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  • Provenance

    Team Gallery, New York

  • Exhibited

    New York, Team Gallery, Steven Parrino, April 19 - May 26, 2001; New York, P.S.1 Contemporary Art Center, The Painted World, October 23, 2005 - January 30, 2006; New York, David Zwirner Gallerey, A Point in Space is a Plalce For an Argument, June 28 - August 10, 2007

  • Literature


    E. Fabianich, “Steven Parrino Rocks On,” NY Arts, June 2001, p. 70 (illustrated); J. Fyfe, “Steven Parrino at Team,” Art in America, September 2001, p. 150 (illustrated)

  • Catalogue Essay


    Steven Parrino has made a career out of demolishing aspects of easel painting. Much of his practice of contorting canvas for this purpose intersects with the tradition of Baroque sculpture in which sculpturally rendered cloth is pulled away from its task of defining the figure and utilized independently for expressive purposes. In most of Parrino's work, contortion is accomplished by using excess canvas. He first paints a black monochrome square at the center of a large piece of raw canvas that has been conventionally stapled to a stretcher. Then the painted canvas is pulled forward from the “figure” of the stretcher and crumpled. Some of the raw canvas that normally would be pinned behind the painting gathers onto the front. This is remarkably similar to what happens in Bernini’s Ecstasy of Saint Teresa, where excess drapery seems to extrude from the relatively frontal sculptural composition to create an aggressive new foreground. The crumpling continues in Parrino’s new work, but in an exuberant departure from his earlier format, the recent paintings, each 7 feet in diameter, are round. They thus align themselves more directly with the Baroque in their avoidance of the perpendicular and their grand investment in a somewhat sardonic decorative impulse.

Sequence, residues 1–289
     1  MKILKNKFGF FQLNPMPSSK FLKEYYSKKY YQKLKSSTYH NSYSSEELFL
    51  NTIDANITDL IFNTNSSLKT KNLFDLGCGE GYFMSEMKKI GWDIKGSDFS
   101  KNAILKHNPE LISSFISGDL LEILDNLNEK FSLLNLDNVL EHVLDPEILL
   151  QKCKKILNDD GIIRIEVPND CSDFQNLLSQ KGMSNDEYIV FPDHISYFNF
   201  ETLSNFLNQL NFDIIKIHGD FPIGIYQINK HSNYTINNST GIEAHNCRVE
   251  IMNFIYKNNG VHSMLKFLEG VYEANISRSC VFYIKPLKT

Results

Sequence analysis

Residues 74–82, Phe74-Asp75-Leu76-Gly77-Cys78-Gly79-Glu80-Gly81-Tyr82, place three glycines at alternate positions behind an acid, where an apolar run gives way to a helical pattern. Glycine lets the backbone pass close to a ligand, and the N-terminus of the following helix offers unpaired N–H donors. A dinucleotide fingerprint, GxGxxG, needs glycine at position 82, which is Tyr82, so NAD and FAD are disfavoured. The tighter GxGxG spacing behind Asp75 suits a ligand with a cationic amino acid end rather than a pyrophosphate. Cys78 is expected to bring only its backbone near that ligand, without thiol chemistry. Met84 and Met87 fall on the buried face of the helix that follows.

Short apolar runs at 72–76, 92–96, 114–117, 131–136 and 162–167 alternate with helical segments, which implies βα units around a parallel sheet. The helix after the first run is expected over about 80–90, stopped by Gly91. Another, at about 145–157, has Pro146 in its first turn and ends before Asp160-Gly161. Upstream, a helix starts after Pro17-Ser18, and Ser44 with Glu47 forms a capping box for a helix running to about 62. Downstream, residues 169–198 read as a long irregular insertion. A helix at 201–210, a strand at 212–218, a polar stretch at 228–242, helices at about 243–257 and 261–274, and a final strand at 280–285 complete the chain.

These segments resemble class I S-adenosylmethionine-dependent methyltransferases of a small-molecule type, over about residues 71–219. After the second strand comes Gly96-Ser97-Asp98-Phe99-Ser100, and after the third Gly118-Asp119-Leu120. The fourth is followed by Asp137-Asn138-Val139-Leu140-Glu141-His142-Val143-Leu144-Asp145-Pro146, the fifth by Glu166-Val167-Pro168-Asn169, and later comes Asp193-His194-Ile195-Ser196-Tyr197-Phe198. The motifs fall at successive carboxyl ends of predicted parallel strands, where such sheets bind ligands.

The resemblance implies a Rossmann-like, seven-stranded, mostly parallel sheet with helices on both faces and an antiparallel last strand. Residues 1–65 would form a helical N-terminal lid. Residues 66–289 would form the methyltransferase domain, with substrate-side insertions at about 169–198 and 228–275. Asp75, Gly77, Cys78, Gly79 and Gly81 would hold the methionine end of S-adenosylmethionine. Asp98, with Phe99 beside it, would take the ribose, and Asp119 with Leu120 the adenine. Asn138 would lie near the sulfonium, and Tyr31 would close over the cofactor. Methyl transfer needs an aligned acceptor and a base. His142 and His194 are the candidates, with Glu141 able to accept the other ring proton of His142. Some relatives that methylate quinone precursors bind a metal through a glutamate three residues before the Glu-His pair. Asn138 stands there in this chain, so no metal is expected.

In each of the paintings on view here – Skeletal Implosion #1, #2 and #3 – Parrino substitutes his usual monochrome field with black (gloss enamel) and white (flat gesso) stripes. The taping technique he uses allows a slight bleed of shiny paint onto the flat gesso. In Skeletal Implosion #1 and #2, trails of Pollock-like black enamel dribbles are visible on the raw canvas that has been pulled on the frontal perimeter of the rondo. This mannered gesture contrasts, historically and stylistically, with the striped centers that are twisted into large folds. These crumpled centers resemble three-dimensional models of Bridget Riley's illusionistic stripe paintings but also borrow from Daniel Buren's slight disaffection and strong, steady light. As a group, these striped paintings resemble collapsed tents from a riotous party. We seem to be witnessing, in the form of a reeling carnival, a rebellion against the authority of painting. The titles also imply a kind of Day of the Dead on which the swirling bones of painting burst from the ground.
    (J. Fyfe, “Steven Parrino at Team,” Art in America 89, no. 9, September 2001, p.150)

104

Skeletal Implosion #3

2001

Enamel paint and gesso on canvas.

Diameter: 84 1/4 in. (214 cm).

Signed and dated “Steven Parrino 2001” on wooden support.

Estimate
$1,000,000 - 1,200,000 

Sold for $657,000

Contemporary Art Part I

15 May 2008, 7pm
New York